By all accounts, the crossover was a hard one, but the Tamil film industry, much like other cinema guilds in India, was open to all kinds of peddlers of dreams. “Balachander never looked at my religion or my state. He just wanted someone who can tell his stories. Imagine if he had said, ‘You are a Kannadiga and you cannot act in a Tamil film’, where would I have been? So many moments in our life are decided by people who do not care where you come from, what religion you come from, what gender you are,” says Raj. He went on to have a phenomenally successful career in Telugu films as well. “He had a powerful presence. It was a combination of the body, voice and his eyes,” says filmmaker and theatre director Chaitanya KM.
The eyes, he has used to baroque effect in one-note baddie roles, as well to convey the vacant-eyed despair of a broken man in a film like Kanchivaram (2008), which won him the third of his five National Awards. They light up with wry mischief midway into the interview. “Every photo with the glass you [should] print,” he says to the photographer clicking away, as he nurses his whiskey. “I don’t want to lie to people that if you meet Prakash after 8.30 pm, he won’t be with a drink. I am not Yogi (Adityanath).”
He is dressed in a black T-shirt and jeans, with a grey-white stubble on his face. It is the end of a busy Saturday, one he wants to wrap up so that he can get into the role of an Alzheimer’s patient for a Tamil film. At the age of 52, Raj shows no signs of flagging. He is travelling every other day to keep his commitments. He has signed up for the next Mani Ratnam film; he is shooting for Odiyan, a Malayalam fantasy thriller which casts him with Mohanlal, their first film since Iruvar. Three days ago, he was in the communally-sensitive Dakshina Kannada district of Karnataka, attending a peace rally, urging for an end to hate politics.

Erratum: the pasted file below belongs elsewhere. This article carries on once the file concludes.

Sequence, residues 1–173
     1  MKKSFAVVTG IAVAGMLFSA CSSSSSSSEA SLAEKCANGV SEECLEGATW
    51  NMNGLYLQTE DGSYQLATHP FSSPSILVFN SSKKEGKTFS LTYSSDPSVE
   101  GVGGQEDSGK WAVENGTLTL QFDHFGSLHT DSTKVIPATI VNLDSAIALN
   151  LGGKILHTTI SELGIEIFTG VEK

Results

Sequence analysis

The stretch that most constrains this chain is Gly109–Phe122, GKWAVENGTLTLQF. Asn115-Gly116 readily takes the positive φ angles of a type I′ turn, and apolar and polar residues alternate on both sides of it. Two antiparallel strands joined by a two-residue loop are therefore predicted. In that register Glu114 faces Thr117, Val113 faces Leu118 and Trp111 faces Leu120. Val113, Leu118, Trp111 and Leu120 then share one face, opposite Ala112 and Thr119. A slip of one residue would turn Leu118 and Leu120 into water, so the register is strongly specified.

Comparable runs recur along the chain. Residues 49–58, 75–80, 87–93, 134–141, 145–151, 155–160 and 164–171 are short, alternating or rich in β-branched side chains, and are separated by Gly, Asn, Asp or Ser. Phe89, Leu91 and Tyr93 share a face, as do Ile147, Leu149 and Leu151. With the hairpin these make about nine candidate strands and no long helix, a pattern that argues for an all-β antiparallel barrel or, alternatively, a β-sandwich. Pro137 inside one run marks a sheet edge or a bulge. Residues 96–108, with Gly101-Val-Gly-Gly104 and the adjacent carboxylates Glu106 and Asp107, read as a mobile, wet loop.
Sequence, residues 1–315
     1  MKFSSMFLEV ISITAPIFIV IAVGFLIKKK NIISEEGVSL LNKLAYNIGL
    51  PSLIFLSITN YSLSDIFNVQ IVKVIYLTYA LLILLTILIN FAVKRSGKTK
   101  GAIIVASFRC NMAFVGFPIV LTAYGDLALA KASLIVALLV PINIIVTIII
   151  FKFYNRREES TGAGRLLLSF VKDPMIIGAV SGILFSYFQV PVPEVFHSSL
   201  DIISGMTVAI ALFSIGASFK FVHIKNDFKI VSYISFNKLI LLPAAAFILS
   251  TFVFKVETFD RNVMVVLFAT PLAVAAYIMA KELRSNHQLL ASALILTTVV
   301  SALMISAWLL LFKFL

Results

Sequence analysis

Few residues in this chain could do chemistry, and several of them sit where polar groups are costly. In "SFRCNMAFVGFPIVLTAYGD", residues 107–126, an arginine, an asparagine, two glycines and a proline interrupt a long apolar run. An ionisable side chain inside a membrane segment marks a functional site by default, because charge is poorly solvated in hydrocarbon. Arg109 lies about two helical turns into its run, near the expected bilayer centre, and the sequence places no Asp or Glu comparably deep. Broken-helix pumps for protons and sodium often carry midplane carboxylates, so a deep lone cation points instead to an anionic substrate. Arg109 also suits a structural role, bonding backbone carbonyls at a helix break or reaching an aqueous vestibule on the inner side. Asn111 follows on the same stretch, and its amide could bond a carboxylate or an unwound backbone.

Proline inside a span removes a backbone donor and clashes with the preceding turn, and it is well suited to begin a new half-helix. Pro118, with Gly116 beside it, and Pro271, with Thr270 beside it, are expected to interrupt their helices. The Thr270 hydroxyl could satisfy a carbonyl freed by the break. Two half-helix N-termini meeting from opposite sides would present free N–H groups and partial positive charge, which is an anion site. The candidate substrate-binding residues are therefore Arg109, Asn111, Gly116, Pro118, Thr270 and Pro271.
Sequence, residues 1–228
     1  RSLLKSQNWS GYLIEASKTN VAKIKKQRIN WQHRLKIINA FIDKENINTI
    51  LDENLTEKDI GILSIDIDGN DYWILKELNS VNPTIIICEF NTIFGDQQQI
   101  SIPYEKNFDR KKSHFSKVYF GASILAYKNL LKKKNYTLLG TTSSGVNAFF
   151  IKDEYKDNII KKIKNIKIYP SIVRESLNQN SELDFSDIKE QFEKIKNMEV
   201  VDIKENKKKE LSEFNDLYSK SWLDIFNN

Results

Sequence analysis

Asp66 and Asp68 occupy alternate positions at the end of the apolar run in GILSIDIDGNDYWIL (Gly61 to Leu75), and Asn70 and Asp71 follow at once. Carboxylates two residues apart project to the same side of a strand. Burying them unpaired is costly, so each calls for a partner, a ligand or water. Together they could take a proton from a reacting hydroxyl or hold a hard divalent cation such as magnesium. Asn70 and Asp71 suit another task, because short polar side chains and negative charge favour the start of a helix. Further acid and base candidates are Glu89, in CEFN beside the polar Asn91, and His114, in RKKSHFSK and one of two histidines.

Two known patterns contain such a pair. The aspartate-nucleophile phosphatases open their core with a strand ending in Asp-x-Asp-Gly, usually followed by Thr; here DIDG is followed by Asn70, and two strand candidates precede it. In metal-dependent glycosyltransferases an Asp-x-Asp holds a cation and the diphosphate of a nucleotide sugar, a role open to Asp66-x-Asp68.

Some of this politics is personal. Raj grew up in an inter-faith family. His mother was a Roman Catholic, who married a Hindu. He is a non-believer. “I don’t have a religion. My daughters don’t have one. I didn’t want to force anything on them. I wanted them to grow up and decide for themselves, but [they had to be] persons of good values. My wife is Hindu, my mother is Christian. We are very happy at home,” he says. “Till recently, no one looked at anyone’s religion. Till Aamir Khan said there was intolerance, no one said he was Muslim. …Religion and god should be within us. They have brought it down to the roads,” he says.
A whirlwind of commitments does not keep him away from books. In an hour-long interview, we come back to literature often — from a KS Narashimaswamy poem which taught him to question the authority of the father, to the playwrights who made him understand theatre (such as Brecht, Athol Fugard, Tennessee Williams and Albee) and the time he took off on a whim and arrived in Old Delhi and spent an evening reading Gabriel Garcia Marquez. He is currently reading the P Sainath classic, Everyone Loves a Good Drought, and journalist Rana Ayyub’s Gujarat Files. “I want to know more. I am trying to know people who are questioning like me. I search them on Twitter, on channels, in books. I need to tell them that…I have joined the gang,” he says.